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Collection > David Altmejd >

The Egg


  • Medium

    Steel, wood, mirror, Plexiglass, Styrofoam, magic sculpt, acrylic paint, gray squirrels, barn owl, blue tit, synthetic pine branches, pine cones, acorns, synthetic flowers, minerals (quartz, sulfur, amethyst, flourite, vanvdinite, hematite), butt plugs, l

  • Dimensions

    87 1/4 x 71 x 50 in. (244.5 x 180.3 x 127 cm)

  • Credit

    The Museum of Contemporary Art, Los Angeles Gift of Alan S. Hergott and Curt Shepard

  • Accession number


  • Object label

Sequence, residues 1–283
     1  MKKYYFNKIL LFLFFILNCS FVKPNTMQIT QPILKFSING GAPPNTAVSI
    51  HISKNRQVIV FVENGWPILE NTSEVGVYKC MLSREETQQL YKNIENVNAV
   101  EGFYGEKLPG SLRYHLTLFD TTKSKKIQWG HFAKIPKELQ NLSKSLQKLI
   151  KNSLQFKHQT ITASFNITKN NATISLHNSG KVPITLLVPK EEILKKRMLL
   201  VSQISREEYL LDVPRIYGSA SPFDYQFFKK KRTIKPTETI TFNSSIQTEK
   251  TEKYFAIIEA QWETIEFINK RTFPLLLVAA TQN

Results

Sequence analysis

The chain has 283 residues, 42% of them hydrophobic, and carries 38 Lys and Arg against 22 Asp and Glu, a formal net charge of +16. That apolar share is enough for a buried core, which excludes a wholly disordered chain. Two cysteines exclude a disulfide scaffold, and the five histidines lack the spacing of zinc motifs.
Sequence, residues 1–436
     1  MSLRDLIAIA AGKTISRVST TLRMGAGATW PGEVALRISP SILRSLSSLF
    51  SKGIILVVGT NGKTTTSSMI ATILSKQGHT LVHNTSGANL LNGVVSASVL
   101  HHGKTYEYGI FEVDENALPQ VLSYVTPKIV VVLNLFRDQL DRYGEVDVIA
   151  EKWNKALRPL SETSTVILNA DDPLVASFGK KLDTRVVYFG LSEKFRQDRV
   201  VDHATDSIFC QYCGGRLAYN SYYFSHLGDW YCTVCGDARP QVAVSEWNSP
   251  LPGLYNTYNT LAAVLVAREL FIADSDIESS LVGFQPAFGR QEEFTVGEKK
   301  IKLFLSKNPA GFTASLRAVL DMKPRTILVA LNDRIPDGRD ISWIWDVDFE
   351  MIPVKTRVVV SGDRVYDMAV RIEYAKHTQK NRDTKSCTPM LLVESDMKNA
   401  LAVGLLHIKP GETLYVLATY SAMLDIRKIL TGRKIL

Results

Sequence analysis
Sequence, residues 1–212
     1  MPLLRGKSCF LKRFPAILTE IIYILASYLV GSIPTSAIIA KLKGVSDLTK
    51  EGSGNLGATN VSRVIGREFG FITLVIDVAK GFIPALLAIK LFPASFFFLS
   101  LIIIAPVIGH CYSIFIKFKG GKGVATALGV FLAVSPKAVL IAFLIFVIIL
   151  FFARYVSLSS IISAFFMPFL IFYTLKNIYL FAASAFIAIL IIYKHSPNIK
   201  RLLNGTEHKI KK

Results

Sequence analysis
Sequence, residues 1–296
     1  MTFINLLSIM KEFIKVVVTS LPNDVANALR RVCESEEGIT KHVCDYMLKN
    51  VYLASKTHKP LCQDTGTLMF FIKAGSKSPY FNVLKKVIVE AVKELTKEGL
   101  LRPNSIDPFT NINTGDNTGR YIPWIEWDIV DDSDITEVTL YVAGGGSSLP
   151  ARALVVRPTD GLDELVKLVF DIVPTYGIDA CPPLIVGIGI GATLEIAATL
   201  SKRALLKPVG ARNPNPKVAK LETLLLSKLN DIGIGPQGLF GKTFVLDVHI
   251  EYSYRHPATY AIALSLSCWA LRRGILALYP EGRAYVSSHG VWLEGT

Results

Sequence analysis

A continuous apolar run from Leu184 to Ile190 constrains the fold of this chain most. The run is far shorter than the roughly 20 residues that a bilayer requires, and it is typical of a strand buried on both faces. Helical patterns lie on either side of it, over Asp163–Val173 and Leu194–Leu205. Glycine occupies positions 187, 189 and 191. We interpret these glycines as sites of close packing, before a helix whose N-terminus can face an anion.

David Altmejd’s The Egg presents a fantastical, even grotesque, scene in which a crystal-sprouting, decomposing carcass has become a habitat for squirrels. The steel cage of the dioramalike structure contains an intricate array of both natural and artificial materials: real pine cones, crystals, and taxidermied animals alongside synthetic flowers, mirrors, gold chains, glitter, and leather bondage wear. This mix of materials is paralleled by a variety of art-historical references: the decaying figure calls up a gisant, a representation of a deceased person lying on their tomb; the flowers and pine tree branches evoke the vanitas theme of still-life paintings, meant to be a reminder of the transience of life; and the display vitrine suggests a reliquary, the container used to hold holy objects, often body parts belonging to saints.